Voltaire, like Buddha, could see that there is suffering in this world.
"Imagine the situation of a Pope's daughter aged fifteen, who in three months had undergone poverty and slavery, had been raped nearly every day, had seen her mother cut into four pieces, had undergone hunger and war, and was now dying of the plague in Algiers." (Voltaire, Candide, Chapter 12)
"Do you believe," said Candide, "that men have always massacred each other as they do to-day, that they have always been liars, cheats, traitors, ingrates, brigands, idiots, thieves, scoundrels, gluttons, drunkards, misers, envious, ambitious, bloody-minded, calumniators, debauchees, fanatics, hypocrites, and fools?"
"Do you believe," said Martin, "that hawks have always eaten pigeons when they have found them?"
Voltaire appears to be pessimistic about human nature; he might suggest that there will always be spooks and generals carrying out atrocities.
Indonesia was Buddhist for longer than it has been Moslem.
But, if hawks may not be capable of fast change, what about humans?
Swiss psychiatrist Carl Jung (1875-1961) said in Memories, Dreams, Reflections:
"Natural history tells us of a haphazard and casual transformation of species over hundreds of millions of years of devouring and being devoured...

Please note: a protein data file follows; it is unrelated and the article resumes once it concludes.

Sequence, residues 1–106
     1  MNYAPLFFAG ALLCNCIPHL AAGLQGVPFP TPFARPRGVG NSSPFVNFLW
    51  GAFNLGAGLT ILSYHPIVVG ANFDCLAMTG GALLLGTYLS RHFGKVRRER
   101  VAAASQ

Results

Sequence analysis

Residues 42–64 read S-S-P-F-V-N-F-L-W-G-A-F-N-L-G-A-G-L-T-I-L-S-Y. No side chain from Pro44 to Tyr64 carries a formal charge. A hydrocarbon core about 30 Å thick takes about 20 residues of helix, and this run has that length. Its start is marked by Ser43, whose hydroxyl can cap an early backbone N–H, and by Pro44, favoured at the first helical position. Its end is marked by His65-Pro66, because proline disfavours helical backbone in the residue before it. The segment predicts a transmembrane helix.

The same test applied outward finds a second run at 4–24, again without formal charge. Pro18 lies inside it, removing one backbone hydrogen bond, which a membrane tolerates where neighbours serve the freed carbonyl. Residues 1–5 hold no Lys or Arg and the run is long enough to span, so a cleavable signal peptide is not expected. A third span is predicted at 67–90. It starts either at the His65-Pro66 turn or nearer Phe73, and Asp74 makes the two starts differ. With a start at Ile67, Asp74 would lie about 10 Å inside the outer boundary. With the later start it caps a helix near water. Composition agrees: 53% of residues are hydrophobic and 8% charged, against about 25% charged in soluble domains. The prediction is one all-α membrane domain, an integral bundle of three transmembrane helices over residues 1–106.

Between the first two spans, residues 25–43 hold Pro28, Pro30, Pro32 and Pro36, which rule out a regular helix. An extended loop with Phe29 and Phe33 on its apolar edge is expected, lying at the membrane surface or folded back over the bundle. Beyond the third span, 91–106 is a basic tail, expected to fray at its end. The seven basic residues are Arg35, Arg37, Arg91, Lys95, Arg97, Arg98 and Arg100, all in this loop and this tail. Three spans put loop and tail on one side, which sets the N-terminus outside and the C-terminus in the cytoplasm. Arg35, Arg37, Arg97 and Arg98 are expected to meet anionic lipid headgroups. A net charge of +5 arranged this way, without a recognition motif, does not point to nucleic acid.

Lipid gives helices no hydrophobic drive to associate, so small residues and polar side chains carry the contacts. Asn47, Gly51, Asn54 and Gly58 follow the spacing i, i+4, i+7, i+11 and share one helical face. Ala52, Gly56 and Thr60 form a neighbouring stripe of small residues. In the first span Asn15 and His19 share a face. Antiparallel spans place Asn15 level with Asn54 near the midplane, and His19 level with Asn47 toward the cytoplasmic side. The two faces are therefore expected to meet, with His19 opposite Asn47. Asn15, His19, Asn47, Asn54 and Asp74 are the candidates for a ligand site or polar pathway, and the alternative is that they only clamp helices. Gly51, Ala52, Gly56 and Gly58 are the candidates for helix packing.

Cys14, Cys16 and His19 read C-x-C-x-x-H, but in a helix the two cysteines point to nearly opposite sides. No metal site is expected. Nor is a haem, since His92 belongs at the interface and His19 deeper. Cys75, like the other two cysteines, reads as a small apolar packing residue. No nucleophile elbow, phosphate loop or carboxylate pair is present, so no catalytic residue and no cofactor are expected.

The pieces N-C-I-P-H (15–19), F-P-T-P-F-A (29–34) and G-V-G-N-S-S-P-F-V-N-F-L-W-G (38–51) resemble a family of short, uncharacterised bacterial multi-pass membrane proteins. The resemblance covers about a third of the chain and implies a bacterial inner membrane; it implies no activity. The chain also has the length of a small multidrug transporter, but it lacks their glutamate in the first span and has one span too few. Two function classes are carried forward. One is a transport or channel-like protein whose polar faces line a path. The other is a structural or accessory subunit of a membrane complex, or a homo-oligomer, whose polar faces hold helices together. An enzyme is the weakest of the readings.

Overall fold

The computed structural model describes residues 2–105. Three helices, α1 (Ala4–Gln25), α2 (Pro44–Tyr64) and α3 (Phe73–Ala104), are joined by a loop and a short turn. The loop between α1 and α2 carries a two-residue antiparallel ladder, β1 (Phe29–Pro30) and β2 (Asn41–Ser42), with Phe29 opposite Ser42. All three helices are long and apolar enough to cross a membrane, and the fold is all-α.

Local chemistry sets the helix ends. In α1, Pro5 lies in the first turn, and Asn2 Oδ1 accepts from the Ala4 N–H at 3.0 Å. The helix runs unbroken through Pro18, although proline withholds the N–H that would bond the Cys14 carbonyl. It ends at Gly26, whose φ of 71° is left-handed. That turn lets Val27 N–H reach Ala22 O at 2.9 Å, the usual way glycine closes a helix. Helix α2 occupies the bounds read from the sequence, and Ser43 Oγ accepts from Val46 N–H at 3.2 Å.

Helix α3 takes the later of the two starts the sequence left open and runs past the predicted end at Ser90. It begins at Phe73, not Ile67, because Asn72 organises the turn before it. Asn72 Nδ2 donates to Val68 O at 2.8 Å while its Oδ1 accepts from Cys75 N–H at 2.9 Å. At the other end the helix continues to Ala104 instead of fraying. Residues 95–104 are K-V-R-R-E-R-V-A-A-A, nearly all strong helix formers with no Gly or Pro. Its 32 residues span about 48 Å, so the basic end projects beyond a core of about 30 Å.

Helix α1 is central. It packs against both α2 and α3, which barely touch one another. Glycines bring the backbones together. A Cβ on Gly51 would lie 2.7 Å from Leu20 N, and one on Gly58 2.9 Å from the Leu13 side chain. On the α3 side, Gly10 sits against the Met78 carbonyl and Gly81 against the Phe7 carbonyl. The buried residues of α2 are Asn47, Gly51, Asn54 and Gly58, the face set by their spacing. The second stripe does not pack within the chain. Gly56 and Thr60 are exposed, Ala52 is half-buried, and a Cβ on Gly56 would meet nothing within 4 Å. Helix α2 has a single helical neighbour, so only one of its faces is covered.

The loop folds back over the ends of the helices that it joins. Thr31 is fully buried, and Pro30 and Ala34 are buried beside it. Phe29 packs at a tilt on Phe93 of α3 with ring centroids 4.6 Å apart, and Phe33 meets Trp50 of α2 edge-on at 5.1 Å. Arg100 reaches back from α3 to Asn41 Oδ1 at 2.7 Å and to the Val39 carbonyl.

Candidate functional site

"But the history of the mind offers a different picture.
"Here the miracle of reflecting consciousness intervenes."
Physicist David Bohm believes that life and consciousness are present in varying degrees in all matter, including supposedly inanimate matter such as electrons or plasmas.
He suggests that evolutionary developments do not emerge in a random fashion. ("David Bohm and the Implicate Order" by David Pratt)
Happiness is about forgetting your own happiness and being part of a happy team?
Standford neurophysiologist Karl Pribram believes in the holographic nature of reality.
Every part of a hologram contains all the information possessed by the whole.
In a holographic universe there are no limits to the extent to which we can alter reality.
What we see as reality is a canvas where we can draw any picture we want.